“The film encourages students to come to their own conclusions about marijuana use through showing a variety of situations rather than just ‘telling them how to think.”—Teacher
“….the video stimulates conversation because it is so powerful. So in all honesty the video did most of the work and I just kept the conversation going, changing its direction when needed and appropriate and prompting where I could.”—Substance use counselor
Teens need opportunities to talk openly and honestly about cannabis (marijuana). This is the thinking behind a new, award-winning classroom resource called CYCLES, developed by researchers at the UBC School of Nursing and based on studies involving youth in three BC communities.
The goal of CYCLES is to help engage young people in productive discussions involving decision-making and cannabis use. The resource features a locally produced short film (28 minutes) about two fictional high school students and their relationships with cannabis. There is also a facilitator’s guide containing lesson plans, teaching tips, student handouts, and quick facts about cannabis use. Together the classroom materials support self-reflection and dialogue about factors that can influence a teen’s choices to use—or not use—cannabis or any other drug.
Facilitators of the 50-minute module (or longer if a deeper discussion is desired) do not need to be drug experts. Their role is simply to guide a thoughtful class discussion, whether students are experienced with cannabis and its effects or not.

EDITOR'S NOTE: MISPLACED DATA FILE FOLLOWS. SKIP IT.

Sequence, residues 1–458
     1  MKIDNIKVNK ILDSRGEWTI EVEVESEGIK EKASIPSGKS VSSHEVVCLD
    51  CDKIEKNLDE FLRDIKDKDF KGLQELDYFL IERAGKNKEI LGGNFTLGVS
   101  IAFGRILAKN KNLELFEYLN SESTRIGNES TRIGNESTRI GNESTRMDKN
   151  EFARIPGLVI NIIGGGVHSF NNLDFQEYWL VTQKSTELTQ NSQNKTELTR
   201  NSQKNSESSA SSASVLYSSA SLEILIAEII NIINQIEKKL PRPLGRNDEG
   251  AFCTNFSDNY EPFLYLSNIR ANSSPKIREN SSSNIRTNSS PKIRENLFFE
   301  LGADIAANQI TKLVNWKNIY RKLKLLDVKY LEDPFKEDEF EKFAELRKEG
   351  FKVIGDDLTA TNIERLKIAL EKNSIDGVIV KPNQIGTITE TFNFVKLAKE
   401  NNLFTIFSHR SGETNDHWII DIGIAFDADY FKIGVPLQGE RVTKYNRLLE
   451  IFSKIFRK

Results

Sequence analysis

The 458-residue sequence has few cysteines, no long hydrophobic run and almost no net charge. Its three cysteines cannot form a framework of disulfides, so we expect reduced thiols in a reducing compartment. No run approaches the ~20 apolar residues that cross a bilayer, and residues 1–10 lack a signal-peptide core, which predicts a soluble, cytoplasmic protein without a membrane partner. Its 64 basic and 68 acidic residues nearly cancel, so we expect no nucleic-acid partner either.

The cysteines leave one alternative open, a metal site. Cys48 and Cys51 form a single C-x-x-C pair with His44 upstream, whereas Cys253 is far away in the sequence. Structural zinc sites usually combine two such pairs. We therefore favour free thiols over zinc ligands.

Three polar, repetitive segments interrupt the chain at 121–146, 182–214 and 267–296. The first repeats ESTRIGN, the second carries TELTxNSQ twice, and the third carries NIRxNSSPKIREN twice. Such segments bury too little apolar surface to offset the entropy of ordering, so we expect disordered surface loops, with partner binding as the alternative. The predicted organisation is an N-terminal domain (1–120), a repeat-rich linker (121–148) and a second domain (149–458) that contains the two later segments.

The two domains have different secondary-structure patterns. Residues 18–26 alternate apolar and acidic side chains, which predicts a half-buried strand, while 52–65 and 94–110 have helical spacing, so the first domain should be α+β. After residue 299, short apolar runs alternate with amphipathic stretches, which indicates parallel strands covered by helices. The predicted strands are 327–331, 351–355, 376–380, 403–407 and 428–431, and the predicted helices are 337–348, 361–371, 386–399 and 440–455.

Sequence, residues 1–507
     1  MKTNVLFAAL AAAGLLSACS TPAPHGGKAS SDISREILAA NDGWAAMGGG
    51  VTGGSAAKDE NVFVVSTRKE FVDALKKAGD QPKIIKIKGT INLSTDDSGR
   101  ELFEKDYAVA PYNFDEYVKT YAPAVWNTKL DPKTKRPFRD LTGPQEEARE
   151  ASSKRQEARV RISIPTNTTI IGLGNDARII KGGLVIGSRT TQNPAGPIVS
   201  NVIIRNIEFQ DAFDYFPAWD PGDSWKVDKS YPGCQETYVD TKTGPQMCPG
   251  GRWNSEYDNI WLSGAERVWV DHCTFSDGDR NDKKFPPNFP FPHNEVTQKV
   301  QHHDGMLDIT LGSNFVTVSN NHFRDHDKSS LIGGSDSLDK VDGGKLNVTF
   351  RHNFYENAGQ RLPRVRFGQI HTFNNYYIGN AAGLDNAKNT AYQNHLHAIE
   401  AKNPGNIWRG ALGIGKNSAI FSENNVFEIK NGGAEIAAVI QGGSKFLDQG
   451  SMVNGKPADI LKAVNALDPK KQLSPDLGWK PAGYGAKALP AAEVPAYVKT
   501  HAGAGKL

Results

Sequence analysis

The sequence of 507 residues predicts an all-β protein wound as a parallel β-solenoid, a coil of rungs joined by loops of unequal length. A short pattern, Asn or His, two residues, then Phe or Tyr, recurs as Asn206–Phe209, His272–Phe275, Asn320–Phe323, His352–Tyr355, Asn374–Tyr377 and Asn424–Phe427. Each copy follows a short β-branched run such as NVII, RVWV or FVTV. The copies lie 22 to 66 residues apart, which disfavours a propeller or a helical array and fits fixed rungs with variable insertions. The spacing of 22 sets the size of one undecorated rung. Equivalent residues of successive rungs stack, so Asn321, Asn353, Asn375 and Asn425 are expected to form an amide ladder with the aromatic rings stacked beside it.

“Meaningful dialogue with young people about marijuana use can translate into informed decision-making,” say the resource’s creators. In other words, talking things out may make frequent users consider cutting down on how often they toke up, and it may delay or deter other students from trying cannabis in the first place.
A recent survey of BC students supports the call for open, non-judgmental conversations in schools about cannabis and other drugs. Teens who are able to discuss such issues with parents, teachers and other adults are more likely to make healthier decisions. Rates of substance use among students have been declining for a decade, says McCreary Centre Society’s 2013 Adolescent Health Survey. The vast majority of students in Grades 7 through 12 said they had never tried cannabis (74%), and many of those with experience reported waiting until they were at least 15 before first experimenting with the drug. Eight percent of students reported using cannabis on the weekend before the survey was taken, down from 12% in 2008.
“Judging young people for their choices regarding marijuana is not helpful,” reads a CYCLES footnote. “Rather, engaging in meaningful discussion contributes to healthy dialogue.”
For more information, check out the CYCLES resource on the CARBC website. While the CYCLES guide is currently published in English only, the video is available with French subtitles. Student worksheets will soon be available in French. A script of the video is also available.
Author: Nicole Bodner, Centre for Addictions Research of BC
**Please note that the material presented here does not necessarily imply endorsement or agreement by individuals at the Centre for Addictions Research of BC.